Ross McCleanEoin Wilson
Chris KellyIrune GurtubaiBen Sharrock
«Co-là-breith math» is how they say «Happy birthday» in Scottish Gaelic, a greeting which the non-fiction community in the UK, Europe, and further afield should be directing towards Edinburgh this year as the Scottish Documentary Institute (SDI) celebrates its 15th anniversary. Founded at the Scottish capital’s College of Art in 2004 by Noé Mendelle, whose own film and TV credits stretch back to the early 1980s, the SDI is now firmly established as one of the most vital, enterprising, inclusive and productive such organisations in the world.
It has been responsible for over 100 films to date, the bulk of them of short or medium length, and has struck up a particularly harmonious professional relationship with Edinburgh’s long-running international film festival (EIFF) which has taken place without a break each summer since 1947. Under the banner «Bridging the Gap», SDI presents around half a dozen new projects every year, showcasing its impressive international sweep: like many Scottish institutions, the SDI is determinedly non-parochial, welcoming filmmakers and subjects from other countries and continents while also finding room for outstanding stories from closer to home.
the SDI is now firmly established as one of the most vital, enterprising, inclusive and productive such organisations in the world.
This year two «Bridging the Gap» titles, both by newcomers, exemplified SDI’s admirable geographical balancing-act: Ross McClean’s Hydebank, a very particular glimpse into the Northern Irish penal system, and Eoin Wilson’s Altsasu, which provides a snapshot of a miscarriage of justice in the Basque Country. Both films clock in at around 15 minutes; executed in distinctly contrasting styles, they both herald just the type of promising new talent the SDI has long sought to nurture and promote.
Impressionistic, spare and arresting both visually and aurally, Hydebank is the more poetic and ambitious of the two films. It’s essentially a character study of an individual, identified only as «Ryan» in the closing credits, an inmate at the eponymous facility – full title: HM Prison Hydebank Wood. Located in South Belfast, and better known for the adult women’s prison on the same site, Hydebank is (in British terminology) a «young offenders’ centre», the kind of jail for minors which for centuries was colloquially termed a «borstal».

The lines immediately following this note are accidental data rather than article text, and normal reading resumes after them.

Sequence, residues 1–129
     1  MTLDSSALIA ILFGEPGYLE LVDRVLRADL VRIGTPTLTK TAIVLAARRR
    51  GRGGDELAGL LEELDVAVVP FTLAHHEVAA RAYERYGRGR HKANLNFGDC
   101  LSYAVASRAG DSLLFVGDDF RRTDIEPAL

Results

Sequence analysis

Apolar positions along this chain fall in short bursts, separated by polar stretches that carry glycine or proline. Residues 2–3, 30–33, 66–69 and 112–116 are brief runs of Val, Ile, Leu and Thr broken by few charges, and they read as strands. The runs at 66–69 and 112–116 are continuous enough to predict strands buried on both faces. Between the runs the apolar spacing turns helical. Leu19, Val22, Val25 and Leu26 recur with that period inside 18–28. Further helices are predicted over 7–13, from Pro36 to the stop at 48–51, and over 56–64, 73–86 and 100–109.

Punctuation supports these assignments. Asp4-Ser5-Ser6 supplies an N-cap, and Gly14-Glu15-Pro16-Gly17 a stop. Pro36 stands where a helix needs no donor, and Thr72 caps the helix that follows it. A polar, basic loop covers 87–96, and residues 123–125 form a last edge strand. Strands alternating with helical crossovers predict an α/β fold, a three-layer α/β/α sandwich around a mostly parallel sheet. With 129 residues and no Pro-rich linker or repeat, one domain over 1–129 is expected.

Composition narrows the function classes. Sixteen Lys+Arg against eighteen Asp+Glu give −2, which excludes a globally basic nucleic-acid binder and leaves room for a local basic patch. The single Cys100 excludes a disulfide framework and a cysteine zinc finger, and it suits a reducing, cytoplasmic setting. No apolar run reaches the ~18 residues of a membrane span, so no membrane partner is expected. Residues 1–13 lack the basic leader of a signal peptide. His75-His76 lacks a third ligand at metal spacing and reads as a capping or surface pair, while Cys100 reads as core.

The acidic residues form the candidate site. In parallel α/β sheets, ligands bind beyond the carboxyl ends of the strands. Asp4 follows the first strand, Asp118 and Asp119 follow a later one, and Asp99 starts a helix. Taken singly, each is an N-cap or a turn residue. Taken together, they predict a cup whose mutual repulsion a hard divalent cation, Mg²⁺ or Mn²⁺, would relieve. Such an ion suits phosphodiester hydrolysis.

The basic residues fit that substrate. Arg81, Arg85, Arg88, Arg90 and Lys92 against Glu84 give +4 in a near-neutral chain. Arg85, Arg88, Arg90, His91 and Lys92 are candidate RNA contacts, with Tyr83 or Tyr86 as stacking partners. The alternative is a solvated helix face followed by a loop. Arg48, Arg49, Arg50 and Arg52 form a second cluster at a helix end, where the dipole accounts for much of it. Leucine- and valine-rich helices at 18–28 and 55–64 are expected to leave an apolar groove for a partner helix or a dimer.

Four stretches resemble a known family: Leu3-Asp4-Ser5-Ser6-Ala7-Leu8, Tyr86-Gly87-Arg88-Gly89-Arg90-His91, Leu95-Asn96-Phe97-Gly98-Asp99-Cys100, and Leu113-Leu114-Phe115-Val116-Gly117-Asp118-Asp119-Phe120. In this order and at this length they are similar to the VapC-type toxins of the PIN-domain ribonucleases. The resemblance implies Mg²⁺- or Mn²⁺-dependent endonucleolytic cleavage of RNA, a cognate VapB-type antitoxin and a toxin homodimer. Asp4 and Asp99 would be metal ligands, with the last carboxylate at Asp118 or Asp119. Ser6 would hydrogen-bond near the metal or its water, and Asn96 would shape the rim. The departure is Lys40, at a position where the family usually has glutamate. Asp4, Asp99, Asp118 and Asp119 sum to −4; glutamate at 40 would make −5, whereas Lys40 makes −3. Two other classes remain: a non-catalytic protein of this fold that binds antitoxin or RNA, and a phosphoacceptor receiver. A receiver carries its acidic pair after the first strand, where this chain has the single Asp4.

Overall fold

In cinematic terms, the most famous representations of such establishments are hard-hitting. Two controversial films which can be broadly positioned within the «angry young man» sub-genre of UK social-realism: Tony Richardson’s The Loneliness of the Long Distance Runner (1962), an adaptation of Alan Sillitoe’s novel starring Tom Courtenay, and Alan Clarke’s Scum (1979), the big-screen version of the same director’s banned BBC «Play For Today» from 1977.
Impressionistic, spare and arresting both visually and aurally, Hydebank is the more poetic and ambitious of the two films.
While both the Richardson and Clarke films concentrate on a surly, snarling individual very much at odds with the «system», as represented by brutal and/or patronising borstal personnel, Hydebank‘s ruminative protagonist shows evident remorse for his crime, the details of which remain unspoken. Ryan merely remarks about its extreme seriousness: «grim, grim», in terms which leave no doubt about the guilt-trauma scars which this incident left upon his psyche.
… text continues …
Dear reader. Just login with your email below or click here to register as READER (includes the monthly newsletter) to continue reading for more free articles this month.